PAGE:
Title: Genetically encoded chemistries to read and write biology
The targeted incorporation of non-canonical amino acids into proteins in living cells has emerged as a powerful tool for biological research and biotechnology in the past decade. Our group focuses on advancing this technology for understanding and manipulating biological processes in living cells, as well as to create opportunities to develop next-generation biotherapeutics. Our research goals include: 1) Developing new bioorthogonal conjugation reactions that are compatible with existing bioconjugation chemistries for precise protein labeling with multiple distinct entities, 2) Creating next-generation biotherapeutics, such as precisely modified viral vectors for enhanced gene therapy, 3) Investigating the roles of various post-translational modifications of human proteins, and 4) Analyzing dynamic changes in the cellular proteome in response to various stimuli. In this seminar, we will discuss the development of a novel technique for characterizing proteomic changes in pathogenic bacteria during the infection process, as well as a mammalian cell-based directed evolution platform to enhance the efficiency of non-canonical amino acid incorporation systems in these cells.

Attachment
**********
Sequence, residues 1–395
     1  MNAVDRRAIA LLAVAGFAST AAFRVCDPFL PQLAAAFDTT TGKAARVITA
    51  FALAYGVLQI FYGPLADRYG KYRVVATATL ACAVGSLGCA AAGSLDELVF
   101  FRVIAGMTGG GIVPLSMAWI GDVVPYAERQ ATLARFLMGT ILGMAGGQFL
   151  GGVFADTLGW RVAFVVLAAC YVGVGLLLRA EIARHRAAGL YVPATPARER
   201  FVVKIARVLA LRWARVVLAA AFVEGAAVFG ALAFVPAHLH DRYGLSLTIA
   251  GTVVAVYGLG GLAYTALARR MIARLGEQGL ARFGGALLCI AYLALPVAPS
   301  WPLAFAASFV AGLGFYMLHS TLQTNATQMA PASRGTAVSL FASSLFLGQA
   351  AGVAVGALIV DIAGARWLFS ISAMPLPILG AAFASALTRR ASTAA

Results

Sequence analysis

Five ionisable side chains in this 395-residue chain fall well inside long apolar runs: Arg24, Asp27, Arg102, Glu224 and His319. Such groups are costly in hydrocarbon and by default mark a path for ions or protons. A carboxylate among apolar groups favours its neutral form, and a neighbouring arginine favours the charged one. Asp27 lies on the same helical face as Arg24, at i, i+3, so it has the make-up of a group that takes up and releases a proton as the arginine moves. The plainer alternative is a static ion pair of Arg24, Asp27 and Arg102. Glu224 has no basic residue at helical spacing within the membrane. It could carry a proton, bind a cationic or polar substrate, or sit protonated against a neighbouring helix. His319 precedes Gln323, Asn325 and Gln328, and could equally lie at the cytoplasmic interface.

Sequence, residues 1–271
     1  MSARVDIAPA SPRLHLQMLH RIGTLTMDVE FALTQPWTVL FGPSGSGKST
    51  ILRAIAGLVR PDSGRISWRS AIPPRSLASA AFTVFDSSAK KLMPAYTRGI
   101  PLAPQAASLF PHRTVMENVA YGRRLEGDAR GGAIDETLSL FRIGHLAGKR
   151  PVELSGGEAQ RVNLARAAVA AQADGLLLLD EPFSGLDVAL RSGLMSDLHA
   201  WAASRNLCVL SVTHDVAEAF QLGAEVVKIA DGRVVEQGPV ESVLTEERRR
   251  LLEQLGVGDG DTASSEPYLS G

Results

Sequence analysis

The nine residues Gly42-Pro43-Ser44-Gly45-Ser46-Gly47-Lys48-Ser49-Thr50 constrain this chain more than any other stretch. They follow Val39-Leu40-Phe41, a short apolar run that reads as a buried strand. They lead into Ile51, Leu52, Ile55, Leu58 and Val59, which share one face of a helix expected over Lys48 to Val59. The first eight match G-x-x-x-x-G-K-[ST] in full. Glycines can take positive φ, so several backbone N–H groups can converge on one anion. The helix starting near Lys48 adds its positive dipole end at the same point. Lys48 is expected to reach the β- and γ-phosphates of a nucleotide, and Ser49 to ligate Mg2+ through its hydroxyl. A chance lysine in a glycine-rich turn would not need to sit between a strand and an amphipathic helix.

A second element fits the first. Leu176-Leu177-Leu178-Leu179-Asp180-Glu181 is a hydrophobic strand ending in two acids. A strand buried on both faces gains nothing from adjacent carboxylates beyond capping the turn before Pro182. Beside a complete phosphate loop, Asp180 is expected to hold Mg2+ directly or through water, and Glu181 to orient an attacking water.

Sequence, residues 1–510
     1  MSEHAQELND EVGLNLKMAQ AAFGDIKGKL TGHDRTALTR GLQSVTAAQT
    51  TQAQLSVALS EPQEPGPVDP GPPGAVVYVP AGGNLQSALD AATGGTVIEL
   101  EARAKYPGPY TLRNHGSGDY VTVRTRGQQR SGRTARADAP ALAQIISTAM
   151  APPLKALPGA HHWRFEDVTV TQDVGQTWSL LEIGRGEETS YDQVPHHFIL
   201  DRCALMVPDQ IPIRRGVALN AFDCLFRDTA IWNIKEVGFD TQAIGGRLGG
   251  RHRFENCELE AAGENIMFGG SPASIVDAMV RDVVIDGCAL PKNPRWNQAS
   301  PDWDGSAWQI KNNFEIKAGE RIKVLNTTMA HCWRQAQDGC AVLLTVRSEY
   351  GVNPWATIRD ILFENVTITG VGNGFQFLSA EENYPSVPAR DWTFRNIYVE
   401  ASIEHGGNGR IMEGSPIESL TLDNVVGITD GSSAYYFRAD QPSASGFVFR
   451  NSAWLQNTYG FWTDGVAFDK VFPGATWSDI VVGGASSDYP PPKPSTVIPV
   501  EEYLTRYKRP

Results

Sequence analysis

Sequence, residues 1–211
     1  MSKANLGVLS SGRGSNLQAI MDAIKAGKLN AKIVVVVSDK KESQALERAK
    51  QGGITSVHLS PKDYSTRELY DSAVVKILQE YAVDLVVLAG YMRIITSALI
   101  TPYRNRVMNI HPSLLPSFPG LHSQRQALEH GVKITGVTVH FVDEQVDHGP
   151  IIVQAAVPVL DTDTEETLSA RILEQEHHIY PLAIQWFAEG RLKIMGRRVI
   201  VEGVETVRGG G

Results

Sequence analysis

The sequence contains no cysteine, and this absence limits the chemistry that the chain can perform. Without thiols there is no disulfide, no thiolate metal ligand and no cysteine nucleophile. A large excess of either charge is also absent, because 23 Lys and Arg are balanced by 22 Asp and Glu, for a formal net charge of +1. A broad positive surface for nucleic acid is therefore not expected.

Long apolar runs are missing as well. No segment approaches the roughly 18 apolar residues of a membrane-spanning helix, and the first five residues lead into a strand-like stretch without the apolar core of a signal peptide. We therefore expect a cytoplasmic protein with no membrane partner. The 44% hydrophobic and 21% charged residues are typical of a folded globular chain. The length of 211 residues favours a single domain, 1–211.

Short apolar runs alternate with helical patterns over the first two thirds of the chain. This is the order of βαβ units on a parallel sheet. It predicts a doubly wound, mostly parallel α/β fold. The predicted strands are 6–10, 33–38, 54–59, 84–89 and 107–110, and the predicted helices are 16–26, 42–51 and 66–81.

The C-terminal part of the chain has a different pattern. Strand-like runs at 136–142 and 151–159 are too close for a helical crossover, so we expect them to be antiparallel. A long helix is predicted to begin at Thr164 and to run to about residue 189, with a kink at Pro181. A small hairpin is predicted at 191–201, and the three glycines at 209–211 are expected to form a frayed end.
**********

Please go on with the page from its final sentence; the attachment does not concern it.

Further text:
Keywords: genetic code expansion, synthetic biology
Host: Prof. Andrew Buller